Some farm stands and “U-Pick” operations have developed value-added activities such as hay rides, pony rides, corn mazes and pumpkin festivals to boost sales. When pumpkins are
shipped to the wholesale market, they are shipped in bulk bins or stacked loose in trailers.

In wholesale marketing, either you or a shipper can take your crop to the market. Shippers generally sell and transport pumpkins for a predetermined price. Wholesale marketing is subject to the most price fluctuations. Marketing cooperatives generally use a daily pooled cost and price, which spreads price fluctuations over all participating producers. Local retailers are another possible market, but you must take the time to contact produce managers and provide high-quality pumpkins when stores require them.

Roadside stands (either your own or another grower’s) and pick-your-own operations provide opportunities to receive higher than wholesale prices for your pumpkins, but you may have some additional expenses for advertising, building and maintaining a facility, maintaining liability insurance and providing service to your customers. With pick-your-own operations, you save on harvest costs, but you must also be willing to accept some waste.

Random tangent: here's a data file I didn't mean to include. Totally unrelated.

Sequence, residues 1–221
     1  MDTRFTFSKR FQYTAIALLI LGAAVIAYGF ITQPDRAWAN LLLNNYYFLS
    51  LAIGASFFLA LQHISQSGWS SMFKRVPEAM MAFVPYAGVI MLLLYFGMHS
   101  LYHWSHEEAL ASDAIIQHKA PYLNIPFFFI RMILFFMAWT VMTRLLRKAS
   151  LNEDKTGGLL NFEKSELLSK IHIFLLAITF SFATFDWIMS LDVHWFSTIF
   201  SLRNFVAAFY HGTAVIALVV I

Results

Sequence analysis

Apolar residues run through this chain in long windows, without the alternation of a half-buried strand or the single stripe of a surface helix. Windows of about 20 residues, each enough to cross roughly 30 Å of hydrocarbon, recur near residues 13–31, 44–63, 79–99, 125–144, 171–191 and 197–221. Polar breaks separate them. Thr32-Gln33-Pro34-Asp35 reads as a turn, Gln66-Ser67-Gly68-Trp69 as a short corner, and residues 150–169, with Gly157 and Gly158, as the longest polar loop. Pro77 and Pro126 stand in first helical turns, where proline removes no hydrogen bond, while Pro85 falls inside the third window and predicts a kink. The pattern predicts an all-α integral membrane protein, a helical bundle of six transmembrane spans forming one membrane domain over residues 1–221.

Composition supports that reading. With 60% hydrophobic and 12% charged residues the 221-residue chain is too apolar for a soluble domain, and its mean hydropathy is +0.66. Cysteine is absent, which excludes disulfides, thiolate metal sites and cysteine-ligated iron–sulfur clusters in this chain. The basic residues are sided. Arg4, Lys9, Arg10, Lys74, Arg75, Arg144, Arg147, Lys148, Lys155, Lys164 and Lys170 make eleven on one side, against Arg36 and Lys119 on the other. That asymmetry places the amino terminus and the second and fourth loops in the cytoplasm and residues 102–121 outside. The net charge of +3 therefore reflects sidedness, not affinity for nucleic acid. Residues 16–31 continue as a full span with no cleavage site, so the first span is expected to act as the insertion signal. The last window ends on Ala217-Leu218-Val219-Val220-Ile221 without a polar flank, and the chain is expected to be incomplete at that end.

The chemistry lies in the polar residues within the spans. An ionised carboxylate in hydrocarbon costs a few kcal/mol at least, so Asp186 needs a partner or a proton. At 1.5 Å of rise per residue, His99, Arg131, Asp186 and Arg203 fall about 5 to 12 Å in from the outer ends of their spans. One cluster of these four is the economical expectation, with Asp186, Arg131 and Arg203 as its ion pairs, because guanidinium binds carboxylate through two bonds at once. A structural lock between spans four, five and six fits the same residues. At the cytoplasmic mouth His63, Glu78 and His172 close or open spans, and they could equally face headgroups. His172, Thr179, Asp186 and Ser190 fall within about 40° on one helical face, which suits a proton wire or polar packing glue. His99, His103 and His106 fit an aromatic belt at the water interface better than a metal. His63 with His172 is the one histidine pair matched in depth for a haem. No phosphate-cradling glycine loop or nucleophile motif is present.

Depending on your location, processors may or may not be a marketing option. Processors are less likely to contract with small-acreage growers.

Common commercial pumpkin varieties:

commercial pumpkin varieties
Growing pumpkins

Pumpkins grow best on soils that hold water well and have good air and water filtration. If you grow pumpkins on sandy soil, irrigation is important to ensure optimum plant growth, uniform fruit set, and robust development. Soil should have a pH of 5.8 to 6.6. Pumpkins require a constant supply of moisture during the growing season. Water deficiency or stress, especially during the blossom-fruit set period, can reduce fruit size or cause blossoms and fruits to drop, resulting in reduced yields.

Pumpkins also are sensitive to cold temperatures and plants can be injured by even a slight frost. The best average temperature range during the growing season is between 65° and 95°F; temperatures above 95°F or below 50°F will slow the growth and maturation of the crop.

Budgets

PennState says the Initial resource requirements for irrigated pumpkins are:

  •  Land: 1 acre

  •  Labor: 19 hours per acre

  •  Harvesting costs: $300 per acre

  •  Capital: $3,000 per acre

  •  Depreciation on equipment: $300 per acre

Resources and References

Overall guides to growing pumpkins commercially

How to start a pumpkin patch or other gri-entertainment operation

Pumpkin Production